There's a devil on my shoulder, urging me to give in to my worst impulses and roast the hell out of AD&D. It wouldn't be entirely undeserved. I literally have the words "Fucking AD&D" written in my notes three times. It would have been more, but by the time I got to the stronghold rules in Chapter 9, I was ready to be done with this book. (I mean, the rules themselves weren't all that bad, relatively, but "name levels" were a weird, specific campaign assumption in the core, and it's inexplicable that they've followed us into space).
I really don't want be a grump. I much prefer to focus on the positive, but when the book says of itself, "Since the AD&D game is intentionally humanocentric, there must be a counterbalance that keeps these more interesting races from dominating."
I . . . um . . .
You know that you can make the game about stuff you find interesting . . . right? And maybe if, in spite of all that, you still want to make a game about humans, you could just, you know, make humans more interesting. You don't have to sabotage the other options to make them more attractive by comparison.
That's just how AD&D could be, though. It often acted like it needed to micromanage your character choices because of the setting implications. You play an alien mage and you can only get up to level 5 because in this world high level mages make spaceships go fast and those aliens canonically don't have fast spaceships. You can't just be an unusual Giff or Xixchil or whatever. Every decision you make must be generalizable to the species as a whole. If you can be a high level wizard, then your species can have high level wizards, and that means that you have to write the setting as if high level wizard aliens were common.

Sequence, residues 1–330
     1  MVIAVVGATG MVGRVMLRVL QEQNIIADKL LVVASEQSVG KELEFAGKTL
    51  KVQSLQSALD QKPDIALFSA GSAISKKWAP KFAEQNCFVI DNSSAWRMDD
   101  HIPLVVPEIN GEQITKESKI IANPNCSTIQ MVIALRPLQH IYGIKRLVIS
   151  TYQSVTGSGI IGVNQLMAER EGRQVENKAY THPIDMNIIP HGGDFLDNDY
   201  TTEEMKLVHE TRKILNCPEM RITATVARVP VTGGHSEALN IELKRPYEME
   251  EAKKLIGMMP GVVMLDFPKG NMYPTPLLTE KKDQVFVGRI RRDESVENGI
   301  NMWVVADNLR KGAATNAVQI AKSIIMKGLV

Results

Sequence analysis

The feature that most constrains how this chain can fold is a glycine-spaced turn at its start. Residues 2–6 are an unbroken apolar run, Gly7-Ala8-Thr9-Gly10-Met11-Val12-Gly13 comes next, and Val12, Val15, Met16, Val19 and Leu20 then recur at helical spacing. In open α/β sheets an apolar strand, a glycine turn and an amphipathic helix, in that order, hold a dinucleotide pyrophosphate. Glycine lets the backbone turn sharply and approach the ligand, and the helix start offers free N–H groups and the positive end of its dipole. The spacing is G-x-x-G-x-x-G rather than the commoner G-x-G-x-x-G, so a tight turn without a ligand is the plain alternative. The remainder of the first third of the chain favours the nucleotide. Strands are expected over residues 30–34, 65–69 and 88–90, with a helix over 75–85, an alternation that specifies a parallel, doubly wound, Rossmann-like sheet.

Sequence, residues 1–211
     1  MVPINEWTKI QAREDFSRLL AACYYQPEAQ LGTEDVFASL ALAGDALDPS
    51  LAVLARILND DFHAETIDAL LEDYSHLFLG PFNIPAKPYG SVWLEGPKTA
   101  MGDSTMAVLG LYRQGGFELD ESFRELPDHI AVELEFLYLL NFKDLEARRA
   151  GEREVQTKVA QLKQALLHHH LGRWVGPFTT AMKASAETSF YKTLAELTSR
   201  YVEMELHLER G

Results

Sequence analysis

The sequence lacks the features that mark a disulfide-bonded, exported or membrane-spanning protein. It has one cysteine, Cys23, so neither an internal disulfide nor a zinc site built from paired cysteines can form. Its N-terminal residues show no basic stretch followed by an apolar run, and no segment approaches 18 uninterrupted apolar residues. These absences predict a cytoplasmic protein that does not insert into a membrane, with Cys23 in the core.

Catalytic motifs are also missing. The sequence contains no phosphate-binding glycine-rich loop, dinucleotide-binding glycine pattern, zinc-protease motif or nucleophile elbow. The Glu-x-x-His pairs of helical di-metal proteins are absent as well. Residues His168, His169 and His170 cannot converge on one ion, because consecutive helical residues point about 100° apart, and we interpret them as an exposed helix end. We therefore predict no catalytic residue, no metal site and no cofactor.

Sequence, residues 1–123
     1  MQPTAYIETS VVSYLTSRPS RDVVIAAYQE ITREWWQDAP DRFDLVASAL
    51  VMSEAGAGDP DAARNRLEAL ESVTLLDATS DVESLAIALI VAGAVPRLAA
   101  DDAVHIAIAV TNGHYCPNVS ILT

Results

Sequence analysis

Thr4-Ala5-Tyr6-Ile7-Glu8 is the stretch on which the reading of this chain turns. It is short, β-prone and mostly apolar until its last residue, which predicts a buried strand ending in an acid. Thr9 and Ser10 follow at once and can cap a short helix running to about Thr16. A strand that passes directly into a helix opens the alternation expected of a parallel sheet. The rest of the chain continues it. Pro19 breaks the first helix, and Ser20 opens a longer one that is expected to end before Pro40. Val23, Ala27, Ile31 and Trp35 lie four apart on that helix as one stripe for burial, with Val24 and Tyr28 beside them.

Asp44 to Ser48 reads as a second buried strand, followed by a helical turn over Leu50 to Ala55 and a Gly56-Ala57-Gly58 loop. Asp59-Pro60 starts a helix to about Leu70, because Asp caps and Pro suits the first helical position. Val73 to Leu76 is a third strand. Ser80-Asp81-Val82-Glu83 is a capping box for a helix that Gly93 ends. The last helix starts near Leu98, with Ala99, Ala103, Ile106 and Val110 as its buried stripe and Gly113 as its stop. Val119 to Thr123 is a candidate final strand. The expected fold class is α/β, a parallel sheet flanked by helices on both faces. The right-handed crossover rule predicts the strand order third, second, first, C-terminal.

It never quite clicked for AD&D (and to be fair, this is a tendency that hasn't truly been overcome in D&D as a whole until, like, 6 months ago) that you don't play as populations. Halflings as a species are weaker than humans, sure, because they're half the size, but there's no reason a PC can't be the halfling Hercules. Presumably, a player knows that halflings are small, and if they wanted that smallness to be a part of their character, they could just put their worst stat into strength. If they're insisting on being a high-strength halfling, then it's clear that they're trying to do something here, and maybe the DM may want to ask them to stop, but if they don't then what damned business is it of the book? Same thing with Giff. If a player wants a Giff bard or druid or what have you, maybe that's okay. If the players are interested in some particular race or class, maybe that's what their game can be about. If you really want a "humanocentric" setting, you can signal that by making the bulk of your NPCs human. Then, even if the party is all-alien, it's still a "humanocentric" game because it's about a group of aliens making their way in a human-dominated universe.
And I guess this entire line of questioning is churlish, seeing as how things like racial class and level limits are the easiest thing in the world to house-rule (which is exactly what I did), but the attitude infects the writing, and it never failed to make me roll my eyes. For example, nearly every alien species had a charisma maximum of 18*.
*For their own species. "A maximum Charisma score of 12 applies to all other races."